Warren: Sure, thank you. So, the overarching problem is that collectively as stakeholders, we are not recruiting, preparing and retaining enough qualified individuals into the profession to successfully provide equitable access to all of our students in West Virginia. There are many reasons for this, but if we look at some of the data, we see that based on the latest retention and mobility data, that 20 percent of our beginning teachers are leaving [the profession] after their first year, which is twice the national average, over a similar time period.
We also are seeing that about 32 percent of West Virginia teachers are leaving the profession within the first four years of entering the classroom. So that attrition piece is a large magnitude. And of course, we know that the financial cost to our districts is large, because when a teacher leaves a classroom, it’s about an average of $9,000 in a rural district, [and] up to $21,000 for an urban county to retrain a new teacher. So those attrition costs add up very quickly.
We know that one of our goals is to expand the number of high quality educators in our state. We are seeing that our students who are coming out of educator preparation programs in the state are well prepared to enter the classroom, but the problem is input. We don’t have enough students being recruited into the profession, for multiple reasons, to staff our classrooms.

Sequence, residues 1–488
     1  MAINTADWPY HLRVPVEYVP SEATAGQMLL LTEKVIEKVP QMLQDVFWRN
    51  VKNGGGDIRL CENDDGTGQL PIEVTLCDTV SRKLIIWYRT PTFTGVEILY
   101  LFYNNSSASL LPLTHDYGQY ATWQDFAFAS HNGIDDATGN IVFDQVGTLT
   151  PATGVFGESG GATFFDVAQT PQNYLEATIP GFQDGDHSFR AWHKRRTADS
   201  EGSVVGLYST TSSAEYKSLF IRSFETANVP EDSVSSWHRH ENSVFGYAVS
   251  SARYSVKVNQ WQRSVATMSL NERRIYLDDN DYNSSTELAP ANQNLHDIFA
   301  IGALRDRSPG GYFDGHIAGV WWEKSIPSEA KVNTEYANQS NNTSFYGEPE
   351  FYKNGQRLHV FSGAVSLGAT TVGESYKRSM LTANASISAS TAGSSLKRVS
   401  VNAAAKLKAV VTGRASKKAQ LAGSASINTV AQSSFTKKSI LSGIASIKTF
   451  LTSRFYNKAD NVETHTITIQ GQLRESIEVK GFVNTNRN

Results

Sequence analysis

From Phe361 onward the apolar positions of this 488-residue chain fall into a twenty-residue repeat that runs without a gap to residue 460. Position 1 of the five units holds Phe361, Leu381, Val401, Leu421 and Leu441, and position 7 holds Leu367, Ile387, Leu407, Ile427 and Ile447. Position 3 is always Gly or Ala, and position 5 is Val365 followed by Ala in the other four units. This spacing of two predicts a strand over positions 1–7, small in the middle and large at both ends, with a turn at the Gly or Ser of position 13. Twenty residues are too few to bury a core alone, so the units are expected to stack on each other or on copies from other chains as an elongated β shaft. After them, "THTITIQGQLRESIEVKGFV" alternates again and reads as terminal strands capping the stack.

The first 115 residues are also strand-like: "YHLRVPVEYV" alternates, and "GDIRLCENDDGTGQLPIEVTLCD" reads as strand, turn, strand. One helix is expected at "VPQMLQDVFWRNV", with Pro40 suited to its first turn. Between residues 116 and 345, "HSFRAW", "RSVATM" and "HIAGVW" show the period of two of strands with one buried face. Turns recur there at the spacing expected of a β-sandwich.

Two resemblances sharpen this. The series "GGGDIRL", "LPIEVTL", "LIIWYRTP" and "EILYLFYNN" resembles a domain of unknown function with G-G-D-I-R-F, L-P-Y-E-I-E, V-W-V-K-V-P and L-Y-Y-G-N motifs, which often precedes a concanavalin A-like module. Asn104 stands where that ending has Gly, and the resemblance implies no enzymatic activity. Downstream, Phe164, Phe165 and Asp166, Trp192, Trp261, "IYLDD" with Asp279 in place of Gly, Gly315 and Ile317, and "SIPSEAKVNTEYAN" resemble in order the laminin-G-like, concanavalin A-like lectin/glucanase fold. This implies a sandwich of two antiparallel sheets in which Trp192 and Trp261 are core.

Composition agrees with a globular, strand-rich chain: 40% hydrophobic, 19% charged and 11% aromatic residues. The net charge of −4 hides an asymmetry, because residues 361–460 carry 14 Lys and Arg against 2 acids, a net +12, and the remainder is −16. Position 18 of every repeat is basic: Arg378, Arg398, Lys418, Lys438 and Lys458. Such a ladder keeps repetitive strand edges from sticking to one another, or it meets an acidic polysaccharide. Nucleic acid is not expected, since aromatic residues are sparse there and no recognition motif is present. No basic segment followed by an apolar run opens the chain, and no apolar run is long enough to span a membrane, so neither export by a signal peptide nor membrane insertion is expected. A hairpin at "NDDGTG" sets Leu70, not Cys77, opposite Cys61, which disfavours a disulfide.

McCormick: Do we know why they’re leaving our schools?
Warren: There are some top recurring causes, and I think it’s important to emphasize that this is not a West Virginia problem. This is a national problem. Of course, teacher shortages have been increased by COVID — that has made everything exaggerated. But of course, the low pay and benefits are an issue for West Virginia teachers. If you look at some of the new data that just came out of the Southern Regional Education Board, it shows [West Virginia], particularly [compared to] our border counties, there’s about a $10,000 difference for a teacher teaching in West Virginia and driving 10 miles to teach in Maryland. It’s the same in Virginia, it’s about a $5,000 difference. So we know that costs and benefits are part of the problem.